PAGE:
Vicci Dunne with her husband Paul and baby George (Image: Vicci Dunne)

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A mum has spoken of the pain of losing two of her triplets after contracting a common virus while she was pregnant.

Vicci Dunne travelled to Cyprus just before the pandemic hit the UK for IVF (In Vitro Fertilisation) treatment.

It was her and husband Paul's last try for a much-wanted second child after two miscarriages, Liverpool Echo report s.

Despite the world going into lockdown, the 36-year-old from Widnes, Cheshire, managed to make it to the hospital and back home on a flight pregnant with three babies.

She said: "You can take a pregnancy test 10 days after IVF, so I knew I was pregnant, I just didn't know how many there were.

"When I went for my first scan in April 2020 my husband and son, Alfie, four, could still come.

"On the way there I said to Paul 'I feel nervous' and Alfie asked why, Paul told him I had butterflies in my stomach.

"When we went in, the sonographer said 'there's one, there's another and there's another' so Alfie asked 'are they the butterflies?' and that is what they have always been."

Harriet, Heidi and George were briefly reunited after their birth
(Image: Vicci Dunne)

After a gender reveal in June 2020 Vicci was over the moon to find out she was expecting two girls and a boy – later named Heidi, Harriet and George.

Vicci, who works in recruitment, was told at her various scans that Heidi and Harriet weren't growing and to "prepare for the worst".

By nearly 28 weeks doctors were concerned about 'fetal demise' – the death of a baby in the womb – so Vicci gave birth by c-section to Harriet, 1lb 6oz, George, 2lb 9oz and then Heidi at 1lb 4oz.

The babies were rushed away for specialist care as Vicci herself underwent emergency surgery after haemorrhaging.

Baby George having fun with his big brother Alfie
(Image: Vicci Dunne)

She woke in a daze and was quickly called into a room to see a team resuscitating Heidi.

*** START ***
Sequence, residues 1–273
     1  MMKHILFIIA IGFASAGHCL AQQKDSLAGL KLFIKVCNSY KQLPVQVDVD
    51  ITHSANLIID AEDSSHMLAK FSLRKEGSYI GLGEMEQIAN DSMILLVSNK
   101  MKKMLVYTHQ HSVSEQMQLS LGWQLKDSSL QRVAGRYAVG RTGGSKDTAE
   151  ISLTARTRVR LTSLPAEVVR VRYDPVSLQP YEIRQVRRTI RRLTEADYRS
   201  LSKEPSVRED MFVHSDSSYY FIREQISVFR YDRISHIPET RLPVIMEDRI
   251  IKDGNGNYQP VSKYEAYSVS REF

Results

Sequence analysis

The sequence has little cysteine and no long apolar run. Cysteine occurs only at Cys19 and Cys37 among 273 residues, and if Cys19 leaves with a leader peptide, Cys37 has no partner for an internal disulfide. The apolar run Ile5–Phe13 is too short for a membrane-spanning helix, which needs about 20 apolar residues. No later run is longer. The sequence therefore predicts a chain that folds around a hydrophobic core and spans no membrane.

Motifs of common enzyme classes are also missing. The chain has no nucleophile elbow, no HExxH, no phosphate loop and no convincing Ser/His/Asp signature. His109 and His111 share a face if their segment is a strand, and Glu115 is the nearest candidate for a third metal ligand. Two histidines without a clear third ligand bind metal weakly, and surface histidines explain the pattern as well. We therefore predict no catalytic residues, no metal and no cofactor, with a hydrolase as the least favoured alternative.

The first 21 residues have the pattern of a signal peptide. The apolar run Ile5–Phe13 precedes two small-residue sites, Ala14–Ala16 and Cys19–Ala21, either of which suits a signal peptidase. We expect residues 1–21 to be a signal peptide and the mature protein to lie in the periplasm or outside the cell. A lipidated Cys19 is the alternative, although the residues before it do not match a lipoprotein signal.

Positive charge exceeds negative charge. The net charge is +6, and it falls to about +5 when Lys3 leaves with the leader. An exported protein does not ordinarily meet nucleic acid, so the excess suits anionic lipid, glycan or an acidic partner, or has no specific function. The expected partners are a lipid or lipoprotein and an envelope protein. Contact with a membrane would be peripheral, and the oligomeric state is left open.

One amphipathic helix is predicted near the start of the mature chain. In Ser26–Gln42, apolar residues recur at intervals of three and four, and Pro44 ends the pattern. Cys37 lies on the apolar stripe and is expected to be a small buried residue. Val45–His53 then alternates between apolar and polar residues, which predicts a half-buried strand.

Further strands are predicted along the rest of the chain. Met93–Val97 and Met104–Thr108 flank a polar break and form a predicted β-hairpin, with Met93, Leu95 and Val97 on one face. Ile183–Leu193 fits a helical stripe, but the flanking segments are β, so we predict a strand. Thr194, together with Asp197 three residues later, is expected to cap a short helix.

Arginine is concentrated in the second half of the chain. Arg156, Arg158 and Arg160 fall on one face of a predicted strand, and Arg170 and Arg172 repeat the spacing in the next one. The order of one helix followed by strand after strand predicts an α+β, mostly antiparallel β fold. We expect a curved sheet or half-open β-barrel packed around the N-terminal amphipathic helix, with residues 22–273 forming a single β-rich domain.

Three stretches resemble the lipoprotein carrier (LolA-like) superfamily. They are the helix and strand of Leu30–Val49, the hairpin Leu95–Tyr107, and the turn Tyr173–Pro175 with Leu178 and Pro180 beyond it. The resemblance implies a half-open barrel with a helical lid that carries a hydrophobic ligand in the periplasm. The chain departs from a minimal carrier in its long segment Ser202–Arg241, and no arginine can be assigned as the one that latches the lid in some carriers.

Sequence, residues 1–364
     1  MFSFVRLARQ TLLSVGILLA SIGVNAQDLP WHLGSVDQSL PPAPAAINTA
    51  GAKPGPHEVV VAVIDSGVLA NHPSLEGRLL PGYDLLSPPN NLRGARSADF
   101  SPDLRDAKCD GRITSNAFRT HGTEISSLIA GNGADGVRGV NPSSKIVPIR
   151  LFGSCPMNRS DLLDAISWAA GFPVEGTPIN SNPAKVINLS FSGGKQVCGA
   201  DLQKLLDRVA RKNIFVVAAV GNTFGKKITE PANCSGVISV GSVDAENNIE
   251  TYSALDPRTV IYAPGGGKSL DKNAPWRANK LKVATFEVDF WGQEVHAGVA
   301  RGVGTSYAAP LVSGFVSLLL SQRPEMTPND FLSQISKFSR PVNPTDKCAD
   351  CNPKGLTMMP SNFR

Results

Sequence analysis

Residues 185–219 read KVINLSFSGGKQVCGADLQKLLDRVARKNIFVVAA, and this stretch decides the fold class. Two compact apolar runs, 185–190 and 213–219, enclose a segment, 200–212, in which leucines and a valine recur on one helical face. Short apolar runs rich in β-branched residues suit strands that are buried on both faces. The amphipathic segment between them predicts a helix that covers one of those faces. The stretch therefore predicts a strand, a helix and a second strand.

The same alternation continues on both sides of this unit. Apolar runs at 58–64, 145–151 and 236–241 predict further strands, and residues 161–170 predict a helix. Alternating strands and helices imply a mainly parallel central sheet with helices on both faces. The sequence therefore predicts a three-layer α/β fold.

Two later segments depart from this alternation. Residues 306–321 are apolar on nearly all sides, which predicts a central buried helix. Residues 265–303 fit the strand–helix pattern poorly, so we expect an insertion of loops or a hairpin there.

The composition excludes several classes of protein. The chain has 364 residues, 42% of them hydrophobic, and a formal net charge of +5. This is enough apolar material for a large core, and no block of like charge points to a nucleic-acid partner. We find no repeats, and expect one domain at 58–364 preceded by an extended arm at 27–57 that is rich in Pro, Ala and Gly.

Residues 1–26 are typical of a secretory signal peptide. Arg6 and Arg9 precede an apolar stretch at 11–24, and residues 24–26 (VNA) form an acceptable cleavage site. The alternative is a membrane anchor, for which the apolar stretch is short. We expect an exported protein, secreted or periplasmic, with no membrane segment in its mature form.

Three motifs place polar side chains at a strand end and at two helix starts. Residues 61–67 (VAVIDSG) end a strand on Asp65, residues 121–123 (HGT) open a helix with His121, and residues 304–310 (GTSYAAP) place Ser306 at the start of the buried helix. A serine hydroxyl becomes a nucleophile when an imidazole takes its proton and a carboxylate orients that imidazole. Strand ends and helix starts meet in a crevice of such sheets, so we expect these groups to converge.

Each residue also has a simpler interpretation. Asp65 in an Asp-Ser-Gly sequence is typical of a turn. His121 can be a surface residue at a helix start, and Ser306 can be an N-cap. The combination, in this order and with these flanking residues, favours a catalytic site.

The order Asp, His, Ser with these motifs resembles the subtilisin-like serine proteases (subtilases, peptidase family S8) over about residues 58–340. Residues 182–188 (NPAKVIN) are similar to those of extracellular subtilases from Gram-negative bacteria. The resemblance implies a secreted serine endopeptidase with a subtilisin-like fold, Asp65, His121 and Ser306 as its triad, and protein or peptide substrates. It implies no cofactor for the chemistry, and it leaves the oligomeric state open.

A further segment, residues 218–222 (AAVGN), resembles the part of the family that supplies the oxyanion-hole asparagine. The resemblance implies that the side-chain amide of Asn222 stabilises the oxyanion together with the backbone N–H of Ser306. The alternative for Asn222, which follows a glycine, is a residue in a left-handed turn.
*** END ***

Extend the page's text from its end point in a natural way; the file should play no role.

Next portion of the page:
Vicci said: "I hadn't even seen her yet and there she was being resuscitated – it was completely surreal.

"I was crying in a full-blown panic just stroking her foot and willing her not to give in.

"The relief I felt when she was stabilised was overwhelming."

But Heidi had fluid on her heart and needed special care until Vicci's worst fears were confirmed and she was told Heidi wasn't going to make it.

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She said: "It was all about memory-making then. We got them all together and took pictures and then we were in a separate room where we held her and waited for her to pass away.

"You are just going through the motions really.

"They put her in a cold cot and sometimes would close the door quietly so as not to wake her forgetting that she wasn't going to wake up."

Baby George spent three months in hospital
(Image: Vicci Dunne)

Vicci's heartache continued when Harriet was found to have an infection and began deteriorating.

She said: "Harriet's lungs weren't working properly and when she had a blood transfusion all her numbers just dropped.

"It was so painful to watch it all happening again.

"Paul and I felt so alone. You are surrounded by nurses, but there are no family there, no one can imagine what you are going through."

That is when Wirral Wings – a charity that helps people who have experienced the loss of a child – stepped in.

Vicci said: "A friend had been in touch with them and they sent this beautiful hamper to the hospital – it was so lovely and everything related so much to what we were going through.

"I asked them if they could make dresses for Harriet and Heidi for the funeral from my wedding dress and I was amazed at the talent.

"The intricate detail of taking the beading off my wedding dress and basing their dresses on its design was incredible.

"I dressed the girls with the help of the funeral home and we had butterflies and rainbows on their coffins.

"The funeral was so hard. When someone passes it can be such a quiet and intimate moment, but there are so many faces at a funeral – it was the hardest day."

Vicci now helps Wirral Wings by talking to others who have lost their children and said it was important to keep talking after such heartache.

She said: "Wirral Wings give people the freedom to grieve by allowing you to share your loss and celebrate your children.

"I remember in the hospital a mum had lost her nine-month-old and I didn't know what to say to her even though I had just lost my baby too.

"You just have to talk – that's all.

"Forget about making people feel uncomfortable, talk about it, it helps, share your baby's life.

"And try and allow yourself to enjoy moments without feeling guilty, you can not let it consume you.

Keepsakes created by Wirral Wings
(Image: Vicci Dunne)

A post mortem revealed that Harriet and Heidi had all contracted cytomegalovirus (CVM) in the womb – a common virus that is usually harmless but can be fatal for those with weakened immune systems.

Vicci added: "Alfie never got to meet Harriet and Hiedi but we talk openly about them all the time.

"We use the idea of the butterflies that he talked about on that first scan and how they have flown off to heaven.

"Alfie and George get on like a house on fire and will be causing lot of trouble – but I wouldn't have it any other way."